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Film review: Everything Went Fine

by
24 June 2022

Stephen Brown watches a film on assisted dying

Géraldine Pailhas, Sophie Marceau, and André Dussollier in Everything Went Fine

Géraldine Pailhas, Sophie Marceau, and André Dussollier in Everything Went Fine

IT WOULD be facile to regard Everything Went Fine (Cert.15) as a polemic on the merits of euthanasia. The French writer-director François Ozon, whose work includes By the Grace of God (Arts, 1 November 2019), about clerical abuse, is far too subtle for that. The free-spirited André (André Dussollier) has a stroke in old age. He asks his daughter Emmanuèle (Sophie Marceau) to help him to end his life. Nothing — including his continuing to make a reasonably good recovery — persuades him to think otherwise.

It sums the man up: primarily selfish, with no regard for the heartache that he is causing Emmanuèle and her sister Pascale (Géraldine Pailhas). This affluent art collector can afford the costs of assisted suicide in Switzerland. As beneficiaries of his will, his reluctant children, if they co-operate with him, are exposed to criminal charges. Their mother, Claude (Charlotte Rampling), suffers from depression and has totally withdrawn.

We never really learn what anyone believes about life, let alone death. André, a Jew, describes religion as bullshit; but that occurs in the rare context of his not getting his way. A devout Muslim ambulance driver refuses to act contrary to his faith. His Christian colleague also challenges their patient. “Why do you want to die? Life is beautiful.” The scene ends before there is a response.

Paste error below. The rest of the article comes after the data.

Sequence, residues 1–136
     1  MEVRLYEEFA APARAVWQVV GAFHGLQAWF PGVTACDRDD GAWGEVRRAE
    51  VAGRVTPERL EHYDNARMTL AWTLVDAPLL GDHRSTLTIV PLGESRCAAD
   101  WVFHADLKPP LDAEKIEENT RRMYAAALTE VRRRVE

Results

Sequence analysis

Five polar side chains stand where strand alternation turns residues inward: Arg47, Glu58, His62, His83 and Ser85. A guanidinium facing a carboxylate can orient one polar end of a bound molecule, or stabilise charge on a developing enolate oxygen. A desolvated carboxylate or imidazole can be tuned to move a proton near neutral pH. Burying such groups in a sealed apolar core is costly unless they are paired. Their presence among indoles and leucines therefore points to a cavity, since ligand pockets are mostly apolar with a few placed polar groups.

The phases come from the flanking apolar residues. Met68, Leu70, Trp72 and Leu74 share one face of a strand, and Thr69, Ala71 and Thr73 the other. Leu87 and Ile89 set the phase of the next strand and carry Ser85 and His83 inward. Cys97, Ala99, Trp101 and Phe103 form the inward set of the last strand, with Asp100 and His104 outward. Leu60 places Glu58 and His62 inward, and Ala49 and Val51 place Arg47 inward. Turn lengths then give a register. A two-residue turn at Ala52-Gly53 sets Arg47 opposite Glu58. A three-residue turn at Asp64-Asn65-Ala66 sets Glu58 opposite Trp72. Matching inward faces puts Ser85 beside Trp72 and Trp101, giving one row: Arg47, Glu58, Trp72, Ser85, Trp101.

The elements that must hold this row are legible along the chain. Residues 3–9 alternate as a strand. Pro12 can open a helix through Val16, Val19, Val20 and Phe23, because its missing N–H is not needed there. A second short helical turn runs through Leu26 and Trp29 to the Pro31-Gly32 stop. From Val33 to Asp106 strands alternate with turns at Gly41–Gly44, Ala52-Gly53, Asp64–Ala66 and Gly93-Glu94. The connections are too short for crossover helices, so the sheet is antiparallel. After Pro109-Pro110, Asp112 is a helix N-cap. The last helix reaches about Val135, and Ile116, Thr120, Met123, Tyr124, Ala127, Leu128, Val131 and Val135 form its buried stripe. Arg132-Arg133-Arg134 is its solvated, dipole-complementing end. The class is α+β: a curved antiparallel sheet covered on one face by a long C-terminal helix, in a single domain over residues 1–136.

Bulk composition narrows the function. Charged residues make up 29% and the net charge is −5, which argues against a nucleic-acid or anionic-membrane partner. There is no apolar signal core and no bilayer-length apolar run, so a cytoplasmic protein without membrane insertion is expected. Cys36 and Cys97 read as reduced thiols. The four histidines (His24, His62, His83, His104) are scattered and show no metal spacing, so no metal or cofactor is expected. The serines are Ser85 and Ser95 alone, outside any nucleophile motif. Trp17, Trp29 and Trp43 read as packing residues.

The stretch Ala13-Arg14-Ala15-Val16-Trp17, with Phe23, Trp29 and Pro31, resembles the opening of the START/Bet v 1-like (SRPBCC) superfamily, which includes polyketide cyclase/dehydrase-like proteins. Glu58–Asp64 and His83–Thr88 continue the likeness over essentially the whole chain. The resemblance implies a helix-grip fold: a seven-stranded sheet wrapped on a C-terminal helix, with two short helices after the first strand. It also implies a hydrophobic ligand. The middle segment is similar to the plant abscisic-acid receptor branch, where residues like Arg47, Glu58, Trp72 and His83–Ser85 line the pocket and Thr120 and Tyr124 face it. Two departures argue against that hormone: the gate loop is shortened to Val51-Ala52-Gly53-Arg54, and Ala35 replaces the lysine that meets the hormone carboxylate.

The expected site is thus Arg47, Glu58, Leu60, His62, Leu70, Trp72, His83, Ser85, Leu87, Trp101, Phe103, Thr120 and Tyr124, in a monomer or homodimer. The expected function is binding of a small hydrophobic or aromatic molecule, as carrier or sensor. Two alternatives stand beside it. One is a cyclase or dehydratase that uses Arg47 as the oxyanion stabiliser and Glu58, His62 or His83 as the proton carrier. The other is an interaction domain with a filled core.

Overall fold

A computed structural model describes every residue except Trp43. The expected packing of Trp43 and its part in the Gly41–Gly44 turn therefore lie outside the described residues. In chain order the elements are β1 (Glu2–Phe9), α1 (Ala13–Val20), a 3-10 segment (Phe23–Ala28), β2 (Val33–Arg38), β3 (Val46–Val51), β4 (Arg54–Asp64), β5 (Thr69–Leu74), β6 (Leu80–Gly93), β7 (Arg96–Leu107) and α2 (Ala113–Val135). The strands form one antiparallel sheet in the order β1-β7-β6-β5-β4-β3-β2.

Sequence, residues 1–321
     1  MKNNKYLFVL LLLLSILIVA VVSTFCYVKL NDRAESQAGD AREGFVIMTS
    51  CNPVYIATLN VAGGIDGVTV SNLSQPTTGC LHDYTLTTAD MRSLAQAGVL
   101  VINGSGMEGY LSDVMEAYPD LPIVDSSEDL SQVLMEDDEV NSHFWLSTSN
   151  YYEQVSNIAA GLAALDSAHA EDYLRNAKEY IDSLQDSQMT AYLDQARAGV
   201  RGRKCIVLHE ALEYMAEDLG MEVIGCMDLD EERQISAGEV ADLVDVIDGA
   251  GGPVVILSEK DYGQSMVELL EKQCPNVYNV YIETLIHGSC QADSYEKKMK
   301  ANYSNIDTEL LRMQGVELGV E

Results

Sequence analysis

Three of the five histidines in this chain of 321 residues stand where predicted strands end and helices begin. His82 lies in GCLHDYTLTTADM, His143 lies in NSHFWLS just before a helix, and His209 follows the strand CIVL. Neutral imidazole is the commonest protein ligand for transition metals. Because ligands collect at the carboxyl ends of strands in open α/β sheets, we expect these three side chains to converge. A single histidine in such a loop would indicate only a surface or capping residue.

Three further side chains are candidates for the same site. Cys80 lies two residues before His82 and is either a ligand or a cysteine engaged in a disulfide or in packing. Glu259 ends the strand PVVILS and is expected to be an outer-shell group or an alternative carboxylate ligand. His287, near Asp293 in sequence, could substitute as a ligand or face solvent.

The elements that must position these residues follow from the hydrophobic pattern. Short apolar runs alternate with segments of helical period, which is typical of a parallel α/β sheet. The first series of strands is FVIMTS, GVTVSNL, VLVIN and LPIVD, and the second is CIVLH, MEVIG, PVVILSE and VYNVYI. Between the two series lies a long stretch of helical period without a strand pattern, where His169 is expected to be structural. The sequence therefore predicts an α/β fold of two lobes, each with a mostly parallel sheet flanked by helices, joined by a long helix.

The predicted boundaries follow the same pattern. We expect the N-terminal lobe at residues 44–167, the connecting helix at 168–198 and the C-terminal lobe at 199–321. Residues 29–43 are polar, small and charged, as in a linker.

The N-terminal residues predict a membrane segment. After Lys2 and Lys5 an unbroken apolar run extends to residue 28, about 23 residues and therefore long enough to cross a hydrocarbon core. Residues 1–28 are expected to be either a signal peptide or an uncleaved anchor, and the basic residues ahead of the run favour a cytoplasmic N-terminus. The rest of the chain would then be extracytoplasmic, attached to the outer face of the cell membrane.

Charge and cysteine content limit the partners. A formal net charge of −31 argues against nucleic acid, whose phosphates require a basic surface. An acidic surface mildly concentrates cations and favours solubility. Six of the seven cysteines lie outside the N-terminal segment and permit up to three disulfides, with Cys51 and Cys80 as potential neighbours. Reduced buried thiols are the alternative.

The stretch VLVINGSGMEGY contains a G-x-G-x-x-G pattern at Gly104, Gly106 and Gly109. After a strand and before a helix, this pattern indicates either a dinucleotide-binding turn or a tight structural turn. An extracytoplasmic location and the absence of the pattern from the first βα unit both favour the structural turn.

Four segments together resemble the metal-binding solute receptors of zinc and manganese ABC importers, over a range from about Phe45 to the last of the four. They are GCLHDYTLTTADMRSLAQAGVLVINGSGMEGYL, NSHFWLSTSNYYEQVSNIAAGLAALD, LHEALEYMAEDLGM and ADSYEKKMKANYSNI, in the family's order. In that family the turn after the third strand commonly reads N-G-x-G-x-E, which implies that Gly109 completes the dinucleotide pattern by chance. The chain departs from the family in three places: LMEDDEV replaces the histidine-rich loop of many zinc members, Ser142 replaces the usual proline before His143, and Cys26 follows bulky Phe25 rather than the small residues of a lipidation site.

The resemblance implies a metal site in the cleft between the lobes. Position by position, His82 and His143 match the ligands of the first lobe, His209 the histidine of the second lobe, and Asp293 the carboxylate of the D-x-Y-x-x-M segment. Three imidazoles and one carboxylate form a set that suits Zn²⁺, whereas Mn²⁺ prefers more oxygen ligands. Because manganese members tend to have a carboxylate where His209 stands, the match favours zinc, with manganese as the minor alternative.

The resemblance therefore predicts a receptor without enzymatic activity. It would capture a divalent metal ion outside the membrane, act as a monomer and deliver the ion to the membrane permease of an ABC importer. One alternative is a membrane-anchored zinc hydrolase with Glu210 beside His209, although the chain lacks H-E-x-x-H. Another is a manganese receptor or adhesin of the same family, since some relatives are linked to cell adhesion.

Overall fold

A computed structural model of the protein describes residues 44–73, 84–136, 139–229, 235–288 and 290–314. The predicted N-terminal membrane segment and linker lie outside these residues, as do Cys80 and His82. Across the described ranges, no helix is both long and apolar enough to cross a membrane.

Paradoxically, the father instructs the daughters to have the Kaddish prayer of mourning recited at his interment. Ozon has stated that this is requested merely on aesthetic grounds.

The film is based on his late writing partner Emmanuèle Bernheim’s novelisation of her own experience with the real-life André. Perhaps the book, unlike the film, makes this clear. Everything Went Fine strives to portray the women’s father as irresistibly charismatic, incapable of being refused. His charms were lost on me. Here is someone unwilling to take kindly the counsel of the years; nor, on the other hand, is there much rage against the dying of the light. No profound exploration is offered of his motivation. “It’s not me any more,” he wails, whereas this is simply the latest manifestation of a life lived entirely for his own satisfaction.

What utterly redeems the picture is the sensitive performances of the daughters. Marceau’s Emmanuèle takes the brunt of her father’s tantrums, lies, and ingratitude. Yet she goes on loving him, as does Pascale. We learn quite a bit of what is entailed in proceeding to assisted dying, but that isn’t the main issue. It is more about how family and friends react to the forthcoming death of a loved one, whether through natural causes or deliberate choice. We should also bear in mind that the original title of this piece, Tout s’est bien passé, is better translated as everything went “well” rather than the generically casual “fine”.

It holds out the possibility that things will continue getting even better. Whatever humanity’s machinations in the face of death, all shall be well and all manner of things shall be well.

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